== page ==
Scientists have discovered that the ‘miracle material’, graphene, undergoes a self repairing process to mend holes.
The researchers were using a powerful electron microscope at the SuperSTEM Laboratory at Daresbury, which allows scientists to study the properties of materials one atom at a time. They recently demonstrated that metals can initiate the formation of holes in the graphene sheet, which could be hugely detrimental to the properties of any graphene-based device.
Surprise results then showed that some of the holes that had been created during this process were actually mending themselves spontaneously using nearby loose carbon atoms to re-knit the graphene structure.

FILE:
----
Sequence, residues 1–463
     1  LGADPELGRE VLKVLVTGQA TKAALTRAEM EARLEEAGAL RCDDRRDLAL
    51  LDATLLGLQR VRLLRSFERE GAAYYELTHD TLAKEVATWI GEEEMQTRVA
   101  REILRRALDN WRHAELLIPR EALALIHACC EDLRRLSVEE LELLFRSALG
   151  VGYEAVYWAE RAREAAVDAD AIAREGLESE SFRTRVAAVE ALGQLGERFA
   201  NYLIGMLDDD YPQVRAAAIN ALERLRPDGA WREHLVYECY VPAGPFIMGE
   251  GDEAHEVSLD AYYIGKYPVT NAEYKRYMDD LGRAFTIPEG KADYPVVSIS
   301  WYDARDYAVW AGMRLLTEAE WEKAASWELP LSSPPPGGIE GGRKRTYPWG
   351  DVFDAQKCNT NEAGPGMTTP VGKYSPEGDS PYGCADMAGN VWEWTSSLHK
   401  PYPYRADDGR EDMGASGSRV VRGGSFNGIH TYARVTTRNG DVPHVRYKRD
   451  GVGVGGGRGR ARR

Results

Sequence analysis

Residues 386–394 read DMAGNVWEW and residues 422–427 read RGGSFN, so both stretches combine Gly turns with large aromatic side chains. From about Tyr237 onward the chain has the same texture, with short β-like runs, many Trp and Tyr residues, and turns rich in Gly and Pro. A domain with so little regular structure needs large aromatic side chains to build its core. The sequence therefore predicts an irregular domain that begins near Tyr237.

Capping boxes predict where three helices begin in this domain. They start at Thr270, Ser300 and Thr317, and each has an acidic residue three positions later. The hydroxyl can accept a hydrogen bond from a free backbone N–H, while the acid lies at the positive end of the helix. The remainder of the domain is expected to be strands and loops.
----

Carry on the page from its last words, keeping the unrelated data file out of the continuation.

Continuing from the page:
Dr Quentin Ramasse, Scientific Director at SuperSTEM said: "This was a very exciting and unexpected result. The fact that graphene can heal itself under the right conditions may be the difference between a working device and a proof of concept without any real application. We may now have a way of not only drilling through graphene in a controlled fashion to sculpt it at the atomic level, but also to grow it back in new shapes. This adds a lot of flexibility to our nanotechnology toolbox and could pave the way to future technological applications".
This story is reprinted from material from STFC, with editorial changes made by Materials Today. The views expressed in this article do not necessarily represent those of Elsevier. Link to original source.